Wait for plants to begin appearing. Depending on your vegetable choices, this could be from about 5 days to a couple of weeks. Do not let weeds overtake the crops in their infancy. Water every day or two depending on how hot, dry, etc the weather is. As the plants grow, continue to remove weeds and to water as needed. Weeding with a hoe or cultivator is helpful to not just remove weeds, but to let more air down into the soil near the roots.
Some plants may need staking, such as bean vines and some types of tomatoes, etc.
Finally, mulching. When your plants are nearing maturity, you can add an inch or so of mulch all over the garden, except on top of your plants. This will help maintain the proper moisture level as well as keep weeds under control with less work. As the mulch decays it will also have a mild fertilizing effect.
Of course, pick your vegetables when they are ripe, or to your personal liking.
Vegetables that I would recommend considering are: squash, sweet corn, purple hull peas, lima beans, garden beans, tomatoes, okra, peppers.
I threw this “Everything to know about gardening” together very quickly, and it is very far from everything that you could know. Hopefully it is enough to get you started with a small garden though, and as you gain experience your garden can become bigger as you feel more comfortable.
Good luck and happy gardening!
Gardening requires a lot of dedication and waiting. what to know
1.use a hoe to make rows for the seeds
2. on the back on the seed packet there is a space required for how far to place the seeds from each other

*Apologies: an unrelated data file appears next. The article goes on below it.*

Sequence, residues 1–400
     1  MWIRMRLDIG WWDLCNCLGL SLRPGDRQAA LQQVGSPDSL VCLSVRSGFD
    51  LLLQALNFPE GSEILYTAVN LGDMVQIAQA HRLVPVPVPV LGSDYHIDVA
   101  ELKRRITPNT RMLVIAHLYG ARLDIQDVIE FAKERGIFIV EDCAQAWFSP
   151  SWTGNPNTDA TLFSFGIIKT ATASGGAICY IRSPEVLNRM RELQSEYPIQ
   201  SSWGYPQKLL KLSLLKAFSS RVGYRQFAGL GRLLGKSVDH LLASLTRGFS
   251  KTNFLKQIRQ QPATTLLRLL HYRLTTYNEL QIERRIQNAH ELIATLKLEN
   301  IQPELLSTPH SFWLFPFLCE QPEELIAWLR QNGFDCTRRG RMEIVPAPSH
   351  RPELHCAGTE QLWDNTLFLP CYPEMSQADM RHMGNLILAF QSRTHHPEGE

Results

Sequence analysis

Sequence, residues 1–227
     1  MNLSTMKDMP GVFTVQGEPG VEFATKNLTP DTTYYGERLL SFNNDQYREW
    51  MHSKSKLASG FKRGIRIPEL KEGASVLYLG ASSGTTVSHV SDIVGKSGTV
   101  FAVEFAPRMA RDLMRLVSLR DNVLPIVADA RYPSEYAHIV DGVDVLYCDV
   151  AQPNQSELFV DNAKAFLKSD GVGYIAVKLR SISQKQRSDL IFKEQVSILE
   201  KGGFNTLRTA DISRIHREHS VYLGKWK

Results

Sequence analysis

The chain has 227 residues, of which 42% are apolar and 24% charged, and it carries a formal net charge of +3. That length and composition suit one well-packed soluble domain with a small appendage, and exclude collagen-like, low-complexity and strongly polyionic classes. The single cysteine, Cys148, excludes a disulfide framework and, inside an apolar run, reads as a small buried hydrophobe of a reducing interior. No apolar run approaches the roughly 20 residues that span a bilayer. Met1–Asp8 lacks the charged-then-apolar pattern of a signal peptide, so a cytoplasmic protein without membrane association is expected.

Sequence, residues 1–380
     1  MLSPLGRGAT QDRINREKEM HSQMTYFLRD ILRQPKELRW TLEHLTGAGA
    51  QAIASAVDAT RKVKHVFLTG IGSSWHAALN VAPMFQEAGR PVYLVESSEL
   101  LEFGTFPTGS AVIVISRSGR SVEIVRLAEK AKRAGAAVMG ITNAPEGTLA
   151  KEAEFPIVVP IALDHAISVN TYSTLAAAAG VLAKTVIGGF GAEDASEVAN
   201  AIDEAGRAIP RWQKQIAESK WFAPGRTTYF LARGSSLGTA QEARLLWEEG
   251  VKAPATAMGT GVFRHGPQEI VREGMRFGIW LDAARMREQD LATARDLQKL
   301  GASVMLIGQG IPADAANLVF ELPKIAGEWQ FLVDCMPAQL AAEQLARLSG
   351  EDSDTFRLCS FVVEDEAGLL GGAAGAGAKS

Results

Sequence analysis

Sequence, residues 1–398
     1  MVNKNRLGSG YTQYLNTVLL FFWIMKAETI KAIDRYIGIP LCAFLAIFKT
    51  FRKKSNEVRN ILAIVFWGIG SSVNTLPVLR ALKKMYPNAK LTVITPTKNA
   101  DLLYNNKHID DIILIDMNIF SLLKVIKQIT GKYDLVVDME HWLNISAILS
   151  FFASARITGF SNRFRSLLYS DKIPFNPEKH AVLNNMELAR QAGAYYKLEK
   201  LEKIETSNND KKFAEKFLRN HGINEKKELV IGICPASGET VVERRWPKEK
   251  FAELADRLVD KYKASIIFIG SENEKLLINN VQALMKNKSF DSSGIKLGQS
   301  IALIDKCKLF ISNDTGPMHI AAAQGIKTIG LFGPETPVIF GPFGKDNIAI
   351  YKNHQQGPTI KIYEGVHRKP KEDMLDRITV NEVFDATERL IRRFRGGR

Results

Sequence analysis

3.if you have a sprinkler, put it in the center of the garden or patch and have it mist the plants for maybe 20 min.
here is a book to look at: The complete gardener by Allen Armitage, Maureen Heffernan, Chela Kleiber Holly H.Shimizu
Also do not I repeat do not use cocoa shells as a mulch because if you have a dog and the dog ate it the dog may die because the shell is pure chacolate (dark). Deadly stuff to dogs
Growing your own food is always a great idea, and kudos to you for wanting to start your own garden.
First step is to make sure that your soil can grow vegetables. The easiest way is to take a small bottle of your soil to your local garden center and ask them what type of soil you have. Also ask them what kinds of vegetable you could grow as they will know what is easy to grow in your area.
Assuming that you do not have soil problems, the next step is decide where to plant. You will need to look for 2 things. First a spot in your garden that ideally gets sun all day long. Two must also be able to get water to that area.
Then decide how big you want to make the area. I have an article here I wrote on what can be planted in a 12 foot by 12 foot garden.
Next mark out the area, and with a spade & a rake remove all grass, weeds and rocks. Then dig up the soil to make sure your plants have nice loose soil to grow in. Make sure that you have a hose, with a sprinkler or sprayer that can access that area, and now you are ready to plant.
Grow easy stuff. Make sure that all danger of frost is over – then seed some easy plants like lettuce, radishes. As the days get warmer, keep adding plants like tomotoes and peppers.
And you’ll become an expert in weeding…
Thanks for the question as I think I’ll write an article on just this subject.
look at Claires Allotment on youtube, she is really brilliant and shows you how to grow almost everything, and from digging the soil to eating the veg
You can visit this website for more info about how to grow vegetables, planning a vegetable garden,how to grow organic vegetables and so on..